from Joan Justis
Libby Creek Joan Justis
Paintings filled with tinted snow provide artists with many moods to color—orange with the setting sun, yellow with purple afternoon shadows, varied grays with blowing and drifting flakes, and blue with icy streams.
Snowy landscapes always bring to my mind the paintings of John F. Carlson (1875-1947)
He was a master of aerial perspective using “changes and gradations of color distinctness and hue” to show changes of space.
One of my favorites is Spring Flood. Notice how the changes in the color create foreground, middle ground, and deep background.
His book Carlson’s Guide to Landscape Painting 1929 is a must for anyone studying the painting of nature. “In landscape painting the thing that is of importance to artistic expression is the ‘landscape sense’, a sense that makes us feel the weight of the mountain, feel the float of a cloud, feel the rhythmic reach of a tree, the hardness of a stone.” Now look at this painting by Carlson. Winter Tranquility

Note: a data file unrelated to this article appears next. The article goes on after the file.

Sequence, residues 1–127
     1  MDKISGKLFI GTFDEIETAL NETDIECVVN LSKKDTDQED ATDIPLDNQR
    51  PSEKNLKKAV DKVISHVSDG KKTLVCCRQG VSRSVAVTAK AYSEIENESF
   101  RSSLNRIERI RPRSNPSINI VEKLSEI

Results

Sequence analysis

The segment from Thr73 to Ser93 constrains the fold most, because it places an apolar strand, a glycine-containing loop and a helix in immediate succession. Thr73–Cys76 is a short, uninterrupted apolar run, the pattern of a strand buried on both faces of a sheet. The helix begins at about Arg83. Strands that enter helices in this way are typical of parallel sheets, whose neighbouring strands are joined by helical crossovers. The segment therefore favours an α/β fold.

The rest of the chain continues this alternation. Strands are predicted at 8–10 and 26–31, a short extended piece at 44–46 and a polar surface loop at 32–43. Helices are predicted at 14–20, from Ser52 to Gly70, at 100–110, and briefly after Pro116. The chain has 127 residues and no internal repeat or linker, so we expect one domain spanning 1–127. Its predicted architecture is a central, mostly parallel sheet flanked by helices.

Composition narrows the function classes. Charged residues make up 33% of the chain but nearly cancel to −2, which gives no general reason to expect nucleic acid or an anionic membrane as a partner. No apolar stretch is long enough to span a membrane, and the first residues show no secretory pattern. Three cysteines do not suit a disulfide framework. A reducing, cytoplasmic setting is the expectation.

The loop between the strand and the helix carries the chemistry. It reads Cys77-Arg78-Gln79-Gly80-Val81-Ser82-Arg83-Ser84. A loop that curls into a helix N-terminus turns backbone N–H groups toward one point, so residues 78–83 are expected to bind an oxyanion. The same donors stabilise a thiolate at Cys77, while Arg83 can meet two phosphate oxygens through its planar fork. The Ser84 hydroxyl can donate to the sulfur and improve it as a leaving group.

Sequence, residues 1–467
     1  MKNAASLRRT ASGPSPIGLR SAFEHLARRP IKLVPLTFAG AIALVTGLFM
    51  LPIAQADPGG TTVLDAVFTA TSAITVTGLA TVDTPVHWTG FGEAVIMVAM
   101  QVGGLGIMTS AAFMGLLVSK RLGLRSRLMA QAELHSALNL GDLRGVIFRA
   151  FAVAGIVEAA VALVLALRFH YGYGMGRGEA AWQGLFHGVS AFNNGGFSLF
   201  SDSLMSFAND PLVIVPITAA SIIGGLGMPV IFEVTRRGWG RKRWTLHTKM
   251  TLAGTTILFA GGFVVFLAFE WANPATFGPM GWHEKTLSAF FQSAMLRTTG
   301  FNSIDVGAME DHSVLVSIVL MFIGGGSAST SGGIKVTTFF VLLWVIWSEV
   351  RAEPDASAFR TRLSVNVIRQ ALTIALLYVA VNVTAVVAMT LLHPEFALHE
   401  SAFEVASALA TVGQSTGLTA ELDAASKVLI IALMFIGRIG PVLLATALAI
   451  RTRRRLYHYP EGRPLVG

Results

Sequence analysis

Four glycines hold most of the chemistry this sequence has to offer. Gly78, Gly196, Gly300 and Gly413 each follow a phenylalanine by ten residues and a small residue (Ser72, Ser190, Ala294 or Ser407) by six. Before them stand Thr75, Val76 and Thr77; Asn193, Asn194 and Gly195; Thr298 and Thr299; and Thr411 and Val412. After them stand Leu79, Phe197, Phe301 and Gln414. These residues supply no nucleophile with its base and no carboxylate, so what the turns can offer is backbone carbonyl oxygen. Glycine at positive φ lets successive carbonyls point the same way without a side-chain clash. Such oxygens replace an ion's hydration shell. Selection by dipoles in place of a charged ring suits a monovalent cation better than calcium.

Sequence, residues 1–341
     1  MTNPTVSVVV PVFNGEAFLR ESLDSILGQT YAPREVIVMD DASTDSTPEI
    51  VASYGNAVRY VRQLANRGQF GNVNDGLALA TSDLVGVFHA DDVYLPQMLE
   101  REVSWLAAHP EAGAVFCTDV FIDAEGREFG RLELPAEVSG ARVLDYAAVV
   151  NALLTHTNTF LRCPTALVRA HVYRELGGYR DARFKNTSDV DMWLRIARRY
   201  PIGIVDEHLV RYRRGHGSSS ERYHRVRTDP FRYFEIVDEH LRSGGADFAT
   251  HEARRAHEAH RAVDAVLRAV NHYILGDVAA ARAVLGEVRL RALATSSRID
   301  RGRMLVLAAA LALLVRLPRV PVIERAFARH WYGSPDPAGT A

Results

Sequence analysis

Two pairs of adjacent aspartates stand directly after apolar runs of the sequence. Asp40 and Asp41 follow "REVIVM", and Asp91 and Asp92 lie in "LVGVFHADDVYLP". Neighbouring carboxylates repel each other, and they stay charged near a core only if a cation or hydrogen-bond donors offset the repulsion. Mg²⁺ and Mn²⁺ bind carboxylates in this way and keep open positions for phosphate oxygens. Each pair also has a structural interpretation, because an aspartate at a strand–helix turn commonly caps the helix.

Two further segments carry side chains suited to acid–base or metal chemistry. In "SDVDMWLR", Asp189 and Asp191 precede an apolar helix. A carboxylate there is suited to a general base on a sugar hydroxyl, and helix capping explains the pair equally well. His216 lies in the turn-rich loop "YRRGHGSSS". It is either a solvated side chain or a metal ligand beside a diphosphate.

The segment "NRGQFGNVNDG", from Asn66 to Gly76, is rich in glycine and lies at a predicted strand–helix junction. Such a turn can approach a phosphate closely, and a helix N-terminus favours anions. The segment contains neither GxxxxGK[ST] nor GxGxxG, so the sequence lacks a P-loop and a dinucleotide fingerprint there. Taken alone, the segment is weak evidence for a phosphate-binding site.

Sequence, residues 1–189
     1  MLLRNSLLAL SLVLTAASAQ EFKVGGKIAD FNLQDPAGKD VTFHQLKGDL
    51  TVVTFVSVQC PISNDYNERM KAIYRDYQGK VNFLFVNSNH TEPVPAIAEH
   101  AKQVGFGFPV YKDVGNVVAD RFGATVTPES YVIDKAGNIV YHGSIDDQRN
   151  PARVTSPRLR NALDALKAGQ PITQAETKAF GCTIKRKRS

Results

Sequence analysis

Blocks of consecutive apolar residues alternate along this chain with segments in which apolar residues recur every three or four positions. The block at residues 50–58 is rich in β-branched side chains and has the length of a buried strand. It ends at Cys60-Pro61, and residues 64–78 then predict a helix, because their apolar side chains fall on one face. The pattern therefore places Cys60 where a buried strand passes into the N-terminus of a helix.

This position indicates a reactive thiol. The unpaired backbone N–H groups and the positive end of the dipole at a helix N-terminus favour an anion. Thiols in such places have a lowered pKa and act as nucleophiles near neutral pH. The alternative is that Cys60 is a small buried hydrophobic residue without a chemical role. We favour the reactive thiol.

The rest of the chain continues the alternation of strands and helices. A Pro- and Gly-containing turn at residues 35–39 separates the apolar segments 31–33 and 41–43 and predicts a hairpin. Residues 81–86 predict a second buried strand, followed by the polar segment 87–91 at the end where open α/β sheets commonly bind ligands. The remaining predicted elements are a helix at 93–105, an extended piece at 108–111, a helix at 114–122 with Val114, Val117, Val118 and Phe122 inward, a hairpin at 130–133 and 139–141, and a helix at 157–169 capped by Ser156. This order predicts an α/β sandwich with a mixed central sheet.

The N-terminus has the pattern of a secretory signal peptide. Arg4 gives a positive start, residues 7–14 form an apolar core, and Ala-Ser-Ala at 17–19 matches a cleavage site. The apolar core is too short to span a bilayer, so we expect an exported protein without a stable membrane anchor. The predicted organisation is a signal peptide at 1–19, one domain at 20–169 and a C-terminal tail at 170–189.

Walter Launt Palmer (1854-1932) was encouraged to paint by his father who was an accomplished sculptor. Walter began winning prizes as a teenager. Living in New York, he became involved with the Hudson River School of painting, a nineteenth century group of romantic landscape artists, and he studied with Frederic Church. Palmer created many of his paintings from memory. He is known to have said, “Paint from memory if you can, from nature if you must.” Perhaps this is why his paintings have an ethereal tonal quality to them.
Winter Shadows Kinderhook Creek
Have you noticed all the different hues used to color the snow and atmosphere.
Two more. Hendrik Avercamp painted during the “Little Ice Age” a time of extreme cold temperatures during the 1500 and 1600’s. He lived in Amsterdam and though he was mute, his watercolor tinted drawings sold well. Winter Landscape
I also love Childe Hassam’s (1859-1935) painting which was shown at the Brooklyn Museum of Art, November 2011. Snow in Winter
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Please know that all paintings in this blog are in the public domain.